Evolutionary computing is the use of biological evolutionary theory in the development of algorithms. Uber has introduced an open-source dev library for this technique called EvoGrad.

The creation of evolutionary algorithms is the goal of evolutionary computing, in which a large number of variants for the solution of a problem are tested and the best-performing variants are preserved. This is also referred to as natural evolution strategies (NES). A kind of survival of the fittest, so to speak. It sounds complicated and it is. It is extremely complex to create a prototype for this type of algorithm, because there are few tools available that are specifically designed for this purpose.

VentureBeat reports that researchers at Uber have developed a library for the open source Python programming language. This Python library is intended to help researchers go through the NES process more quickly. “The idea is to explore variants of NES more quickly, similar to how the Google TensorFlow machine learning framework enables deep learning,” wrote project staff Alex Gajewski, Jeff Clune, Kenneth O. Stanley, and Joel Lehman in a blog post. “We believe that there are still many interesting algorithms to discover in this field and we hope that this dev library will lead to progress in the machine learning community.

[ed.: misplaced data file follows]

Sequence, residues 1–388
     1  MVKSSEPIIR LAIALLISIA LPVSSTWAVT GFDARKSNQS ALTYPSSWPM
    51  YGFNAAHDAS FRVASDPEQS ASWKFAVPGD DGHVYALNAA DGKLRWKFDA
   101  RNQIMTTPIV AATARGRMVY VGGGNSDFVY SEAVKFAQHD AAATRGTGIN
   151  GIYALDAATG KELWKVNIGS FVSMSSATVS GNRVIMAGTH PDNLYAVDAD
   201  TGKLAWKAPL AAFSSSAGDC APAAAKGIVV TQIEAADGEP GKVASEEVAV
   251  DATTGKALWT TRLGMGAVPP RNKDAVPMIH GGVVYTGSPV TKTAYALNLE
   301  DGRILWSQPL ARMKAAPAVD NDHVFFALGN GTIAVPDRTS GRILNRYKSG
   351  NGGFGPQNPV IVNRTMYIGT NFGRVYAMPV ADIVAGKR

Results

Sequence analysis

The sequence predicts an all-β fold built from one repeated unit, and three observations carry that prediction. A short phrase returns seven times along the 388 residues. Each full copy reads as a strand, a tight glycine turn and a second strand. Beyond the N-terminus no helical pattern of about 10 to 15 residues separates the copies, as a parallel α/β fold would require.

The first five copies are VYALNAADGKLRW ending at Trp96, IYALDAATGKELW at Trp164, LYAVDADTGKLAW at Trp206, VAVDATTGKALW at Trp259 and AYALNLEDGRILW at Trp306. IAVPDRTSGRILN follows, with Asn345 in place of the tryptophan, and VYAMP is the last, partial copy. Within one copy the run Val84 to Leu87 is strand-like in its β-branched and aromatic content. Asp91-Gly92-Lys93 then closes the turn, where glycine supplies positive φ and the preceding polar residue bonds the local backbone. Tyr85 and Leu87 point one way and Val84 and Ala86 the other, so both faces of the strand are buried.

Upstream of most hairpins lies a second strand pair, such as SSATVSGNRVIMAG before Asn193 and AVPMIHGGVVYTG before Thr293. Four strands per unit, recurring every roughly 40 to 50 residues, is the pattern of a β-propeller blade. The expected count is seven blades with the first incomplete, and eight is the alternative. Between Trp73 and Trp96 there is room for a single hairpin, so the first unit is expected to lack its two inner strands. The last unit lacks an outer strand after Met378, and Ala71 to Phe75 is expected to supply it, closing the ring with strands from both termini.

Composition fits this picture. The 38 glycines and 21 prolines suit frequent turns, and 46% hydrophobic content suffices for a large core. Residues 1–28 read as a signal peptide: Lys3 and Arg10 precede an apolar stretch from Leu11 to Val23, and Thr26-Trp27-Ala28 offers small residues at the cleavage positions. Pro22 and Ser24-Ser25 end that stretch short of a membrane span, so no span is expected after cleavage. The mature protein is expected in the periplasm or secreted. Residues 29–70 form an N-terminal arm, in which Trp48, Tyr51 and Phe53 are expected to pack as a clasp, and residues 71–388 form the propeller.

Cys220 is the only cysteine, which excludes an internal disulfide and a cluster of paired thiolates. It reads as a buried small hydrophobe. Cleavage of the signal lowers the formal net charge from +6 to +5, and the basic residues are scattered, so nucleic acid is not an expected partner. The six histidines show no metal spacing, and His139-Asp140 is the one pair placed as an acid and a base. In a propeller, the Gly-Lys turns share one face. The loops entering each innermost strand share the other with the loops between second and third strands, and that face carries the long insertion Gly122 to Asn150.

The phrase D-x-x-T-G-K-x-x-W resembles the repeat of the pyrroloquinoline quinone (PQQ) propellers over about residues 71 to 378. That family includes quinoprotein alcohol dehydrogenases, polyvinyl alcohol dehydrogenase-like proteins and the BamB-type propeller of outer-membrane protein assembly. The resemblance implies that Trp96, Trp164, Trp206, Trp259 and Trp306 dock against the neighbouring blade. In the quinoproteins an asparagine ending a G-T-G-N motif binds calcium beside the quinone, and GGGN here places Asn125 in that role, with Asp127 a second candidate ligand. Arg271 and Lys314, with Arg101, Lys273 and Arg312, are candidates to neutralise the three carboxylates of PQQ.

Simplification of mathematical approach

In the complex NES technique, the best evolving algorithms produce offspring, i.e. modified versions of the so-called parents, or combinations of two of these parents. The lower performance algorithms are removed from the population. Then, in NES, the population is considered as a mathematical probability distribution, in order to maximise the quality of the solution achieved by an algorithm. This mathematical approach is made a lot easier by Uber’s Python-library. Developers need much less specific mathematical knowledge to be able to perform NES. For example, they can choose which characteristics are more important for a certain population (think of the diversity of behaviour or the average quality of solutions).

This news article was automatically translated from Dutch to give Techzine.eu a head start. All news articles after September 1, 2019 are written in native English and NOT translated. All our background stories are written in native English as well. For more information read our launch article.